Another method, which is easier than the above is the distillation of anhydrous sodium ethanoate with concentrated H2SO4. CH3COONa(s) + H2SO4(aq) ® NaHSO4(aq) + CH3COOH(g)

Note:

* Hydrochloric acid is not used because it is volatile and would therefore distill with the ethanoic acid.

* Hot ethanoic acid vapor attacks cork or rubber stoppers - the apparatus must all be glass.

Industrial Manufacture of Ethanoic Acid

(1). From Butane - butane is oxidized directly to ethanoic acid by mixing it with air and passing it into ethanoic acid kept at 160OC in the presence of manganese(II) ethanoate as catalyst at 20 atm pressure.

(2). From Ethyne - ethyne is passed into dilute H2SO4 in the presence of mercury(I) sulphate(VI) as catalyst at about 95OC to produce ethanal vapor which is then mixed with air and passed over heated manganese(II) ethanoate as catalyst at 60OC.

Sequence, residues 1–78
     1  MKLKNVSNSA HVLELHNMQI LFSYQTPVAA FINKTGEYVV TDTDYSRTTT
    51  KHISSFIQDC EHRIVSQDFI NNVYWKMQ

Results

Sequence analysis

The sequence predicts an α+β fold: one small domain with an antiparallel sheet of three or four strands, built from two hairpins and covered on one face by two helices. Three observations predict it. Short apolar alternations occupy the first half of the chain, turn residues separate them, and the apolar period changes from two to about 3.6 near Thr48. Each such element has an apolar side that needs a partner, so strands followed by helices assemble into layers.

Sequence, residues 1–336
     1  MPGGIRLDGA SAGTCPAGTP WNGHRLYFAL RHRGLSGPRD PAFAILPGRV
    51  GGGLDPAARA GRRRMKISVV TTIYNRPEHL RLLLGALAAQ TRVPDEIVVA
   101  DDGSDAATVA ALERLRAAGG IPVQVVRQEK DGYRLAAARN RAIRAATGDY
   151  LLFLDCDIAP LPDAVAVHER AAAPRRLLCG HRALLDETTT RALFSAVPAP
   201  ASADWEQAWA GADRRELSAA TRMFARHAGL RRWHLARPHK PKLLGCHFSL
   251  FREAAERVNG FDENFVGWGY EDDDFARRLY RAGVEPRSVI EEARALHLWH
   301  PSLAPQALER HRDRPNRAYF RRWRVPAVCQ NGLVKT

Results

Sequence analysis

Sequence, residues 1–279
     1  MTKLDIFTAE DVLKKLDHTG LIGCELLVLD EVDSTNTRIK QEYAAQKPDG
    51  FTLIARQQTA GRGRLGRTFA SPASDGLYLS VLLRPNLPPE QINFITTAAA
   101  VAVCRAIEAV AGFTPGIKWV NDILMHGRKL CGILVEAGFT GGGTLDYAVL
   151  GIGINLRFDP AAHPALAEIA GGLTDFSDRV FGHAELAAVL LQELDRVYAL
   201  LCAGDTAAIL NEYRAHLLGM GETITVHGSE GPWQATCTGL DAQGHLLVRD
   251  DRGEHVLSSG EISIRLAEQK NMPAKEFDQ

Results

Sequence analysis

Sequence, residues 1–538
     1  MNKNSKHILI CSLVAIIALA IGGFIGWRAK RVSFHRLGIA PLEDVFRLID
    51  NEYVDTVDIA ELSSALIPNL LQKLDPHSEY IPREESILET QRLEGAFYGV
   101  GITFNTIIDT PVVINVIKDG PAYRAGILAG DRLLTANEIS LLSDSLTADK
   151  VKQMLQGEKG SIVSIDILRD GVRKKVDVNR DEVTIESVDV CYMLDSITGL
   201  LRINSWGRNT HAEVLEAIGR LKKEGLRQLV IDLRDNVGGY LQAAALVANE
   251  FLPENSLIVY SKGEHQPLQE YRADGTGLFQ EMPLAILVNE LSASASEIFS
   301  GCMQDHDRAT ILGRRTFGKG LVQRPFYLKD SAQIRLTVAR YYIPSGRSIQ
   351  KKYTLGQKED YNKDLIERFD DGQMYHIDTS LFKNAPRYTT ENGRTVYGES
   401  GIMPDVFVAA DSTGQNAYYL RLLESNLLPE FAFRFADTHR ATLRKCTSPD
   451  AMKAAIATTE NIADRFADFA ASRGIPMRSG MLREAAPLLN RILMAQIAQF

C2H2(g) ® CH3 CHO(g)

CH3CHO(g) + 1/2 O2(g) ® CH3 COOH(g)

(3). From Ethanol - ethanoic acid is manufactured in the form of vinegar (contains 4-5% of ethanoic acid). The process involves the running of dilute aqueous solution of ethanol (such as wine of pure quality) over coke in a well aerated vat.

A bacteria - mycoderma aceti, which acts as catalyst is introduced into the coke. The liquid mixture is then passed into the vat several times to ensure complete oxidation of the ethanol to ethanoic acid.

CH3CH2OH(aq) + O2(g) ® CH3COOH(aq) + H2O(l)

Carboxylic Acid Properties